Jack Jackson, aka “Jaxon,” created, wrote, drew, and self-published what comics historians consider one of the first underground comix, God Nose. He was art director at Family Dog and a co-founder of Rip-Off Press. He contributed to such underground anthology titles as Skull, Slow Death, and Tales of the Leather Nun. Jaxon went on to pioneer historical graphic novels with the innovative Comanche Moon series for Last Gasp. He continued chronicling his home state’s history via El Alamo, Los Tejanos, and Lost Cause.

Inducted 2011

Al Jaffee

Will Eisner Hall of Fame: Al Jaffee

Photo by Len Briggs

Al
Jaffee

1921–

Al Jaffee is best known as the creator of MAD magazine’s fold-ins, which he has been doing since 1964, and for “Snappy Answers to Stupid Questions,” a feature that has been collected into over a dozen books. Al is MAD’s longest-running contributor, having been there since 1955. Earlier in his career, Al worked for Stan Lee at Timely, where he was in charge of all humor and teen titles as associate editor. He also worked with Harvey Kurtzman on the short-lived Trump and Humbug humor magazines.

Inducted 2013

Tove Jansson

Will Eisner Hall of Fame: Tove Jansson
Tove
Jansson

1914–2001

Tove Jansson began her work as a political cartoonist and illustrator in the Garm magazine in the 1930s; through these strips, Moomin was born. Her first book was published in 1945, featuring her loveable hippopotamus-like characters, The Moomins and the Great Flood. She went on to write several more Moomin books as well as her equally popular children’s books. She produced her magnum opus that consisted of 21 long Moomin stories that were broken up as four panel strips from 1954 to1959. Jansson’s work has been translated into 33 languages and they are the most widely translated works of Finnish literature. Not only does she have an amusement park based on her Moomin world but the Finnish put her likeness on a coin.

Inducted 2016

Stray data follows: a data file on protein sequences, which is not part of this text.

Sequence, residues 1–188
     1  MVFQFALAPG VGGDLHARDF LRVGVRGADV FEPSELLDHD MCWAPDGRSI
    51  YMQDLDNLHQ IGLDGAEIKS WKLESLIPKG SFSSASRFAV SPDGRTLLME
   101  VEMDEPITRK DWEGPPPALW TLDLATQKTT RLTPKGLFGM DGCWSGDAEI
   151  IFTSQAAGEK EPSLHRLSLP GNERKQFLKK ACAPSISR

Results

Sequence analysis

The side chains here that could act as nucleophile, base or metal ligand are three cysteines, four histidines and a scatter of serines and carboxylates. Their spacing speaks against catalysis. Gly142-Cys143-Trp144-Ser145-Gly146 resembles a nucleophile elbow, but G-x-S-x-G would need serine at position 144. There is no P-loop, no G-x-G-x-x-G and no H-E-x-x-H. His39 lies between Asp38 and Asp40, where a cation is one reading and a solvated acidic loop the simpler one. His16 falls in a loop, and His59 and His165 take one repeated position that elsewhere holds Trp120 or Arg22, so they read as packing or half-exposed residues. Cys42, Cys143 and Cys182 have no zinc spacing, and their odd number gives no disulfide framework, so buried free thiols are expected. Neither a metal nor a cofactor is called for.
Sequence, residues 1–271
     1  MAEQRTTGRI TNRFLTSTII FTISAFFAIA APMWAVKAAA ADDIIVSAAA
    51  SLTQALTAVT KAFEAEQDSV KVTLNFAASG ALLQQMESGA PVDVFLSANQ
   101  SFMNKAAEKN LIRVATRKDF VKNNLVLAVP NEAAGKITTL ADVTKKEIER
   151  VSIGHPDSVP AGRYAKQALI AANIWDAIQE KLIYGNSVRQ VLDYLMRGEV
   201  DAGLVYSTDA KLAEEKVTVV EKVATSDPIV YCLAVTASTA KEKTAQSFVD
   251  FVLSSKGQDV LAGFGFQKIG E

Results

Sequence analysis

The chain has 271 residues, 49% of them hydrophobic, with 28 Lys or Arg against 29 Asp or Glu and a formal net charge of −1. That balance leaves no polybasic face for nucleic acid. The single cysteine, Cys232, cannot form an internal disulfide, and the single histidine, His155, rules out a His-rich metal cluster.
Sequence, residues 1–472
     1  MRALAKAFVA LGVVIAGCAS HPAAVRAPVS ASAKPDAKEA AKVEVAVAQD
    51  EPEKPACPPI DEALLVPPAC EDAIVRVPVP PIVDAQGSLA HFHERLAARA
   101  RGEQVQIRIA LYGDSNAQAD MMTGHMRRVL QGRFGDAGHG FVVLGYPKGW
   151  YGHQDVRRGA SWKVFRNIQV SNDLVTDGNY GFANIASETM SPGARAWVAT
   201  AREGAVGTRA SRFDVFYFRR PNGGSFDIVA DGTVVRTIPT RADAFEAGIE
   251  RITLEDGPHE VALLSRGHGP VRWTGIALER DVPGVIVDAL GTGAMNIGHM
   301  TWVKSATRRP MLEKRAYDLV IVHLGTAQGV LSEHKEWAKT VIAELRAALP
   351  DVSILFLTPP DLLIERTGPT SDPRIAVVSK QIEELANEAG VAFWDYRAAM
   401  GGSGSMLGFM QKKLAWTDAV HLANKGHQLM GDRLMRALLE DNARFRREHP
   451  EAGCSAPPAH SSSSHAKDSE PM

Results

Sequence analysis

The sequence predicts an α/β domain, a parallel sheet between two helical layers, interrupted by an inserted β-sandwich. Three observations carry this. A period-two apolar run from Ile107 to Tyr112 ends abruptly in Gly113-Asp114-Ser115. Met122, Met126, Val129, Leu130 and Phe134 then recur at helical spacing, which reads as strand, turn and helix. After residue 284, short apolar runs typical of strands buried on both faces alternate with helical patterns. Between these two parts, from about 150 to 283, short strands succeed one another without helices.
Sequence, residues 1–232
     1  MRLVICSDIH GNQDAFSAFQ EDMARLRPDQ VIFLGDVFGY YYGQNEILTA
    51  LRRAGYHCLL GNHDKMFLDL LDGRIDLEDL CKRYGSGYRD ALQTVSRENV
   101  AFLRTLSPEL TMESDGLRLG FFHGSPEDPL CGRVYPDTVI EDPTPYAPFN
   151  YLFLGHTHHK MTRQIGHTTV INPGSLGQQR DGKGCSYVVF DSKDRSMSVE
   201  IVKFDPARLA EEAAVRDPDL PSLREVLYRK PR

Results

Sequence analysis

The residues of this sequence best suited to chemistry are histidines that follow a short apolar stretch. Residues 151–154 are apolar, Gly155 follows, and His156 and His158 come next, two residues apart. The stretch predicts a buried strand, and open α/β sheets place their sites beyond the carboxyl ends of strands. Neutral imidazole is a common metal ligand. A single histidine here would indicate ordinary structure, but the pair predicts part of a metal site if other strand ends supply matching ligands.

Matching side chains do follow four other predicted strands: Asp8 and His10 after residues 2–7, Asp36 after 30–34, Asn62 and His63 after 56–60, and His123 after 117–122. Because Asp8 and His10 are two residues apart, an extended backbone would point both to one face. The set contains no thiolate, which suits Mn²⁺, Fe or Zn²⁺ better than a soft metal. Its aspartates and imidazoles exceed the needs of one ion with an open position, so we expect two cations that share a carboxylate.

Jenette Kahn

Will Eisner Hall of Fame: Jenette Kahn
Jenette
Kahn

1947–

Jenette Kahn rebranded National Periodical Publications as DC Comics, reviving the floundering company as a proving ground for both experimental titles and reboots of iconic characters. She started as publisher at DC in 1976, at only 28 years old, after having founded the wildly successful kids magazine Dynamite for Scholastic. Kahn became president of DC in 1981 and editor-in-chief in 1989. She pushed the boundaries of mainstream comics, publishing work such as Watchmen and The Dark Knight Returns, and launched the edgier Vertigo line in 1993. She grew the company from 35 employees to 200 (half of them women) and instituted more creator-friendly policies. In 2000 the Library of Congress honored Kahn as a Living Legend for her contributions to America’s cultural heritage. In 2002 she left DC to create her own film production company, Double Nickel, which produced Clint Eastwood’s Gran Torino in 2008.

Inducted 2019

Carol Kalish

Will Eisner Hall of Fame: Carol Kalish
Carol
Kalish

1955–1991

Carol Kalish served as direct sales manager and vice president of new product development at Marvel Comics from 1981 to 1991. She is credited with pioneering the comics direct market when it was in its adolescence, in part through a program in which Marvel helped pay for comic book stores to acquire cash registers. Beginning in the mid-1980s, Kalish spearheaded the expansion of Marvel's distribution into previously unexplored retail outlets, including major bookstores such as B. Daltons and Waldenbooks. In 2010 she was posthumously awarded the first ComicsPRO Industry Appreciation Award.

Inducted 2018

Michael Kaluta

Will Eisner Hall of Fame: Michael Kaluta

Photo by Jackie Estrada

Michael
Kaluta

1947-

Artist and illustrator Michael Kaluta is best known for his work on The Shadow and Elaine Lee’s Starstruck and for his cover art. Influenced by art nouveau and the 1930s pulps, he brought a unique look to comics in the 1970s and 1980s. In recent years he has been in demand as a cover artist, including an award-nominated run on DC/Vertigo’s Madame Xanadu.

Inducted 2010

Bob Kane

Will Eisner Hall of Fame: Bob Kane

Photo by Jackie Estrada

Bob
Kane

1915-1998

Bob Kane entered the comic book industry in 1936 as a freelancer for Jerry Iger’s Wow! What a Magazine! At the Eisner-Iger studio, he drew funny animal strips and humor features. His first adventure strip was “Rusty and His Pals” for DC’s Adventure Comics. In 1939 he collaborated with writer Bill Finger to create a new strip for Detective Comics: “The Bat-Man.” The rest is history!

Inducted 1998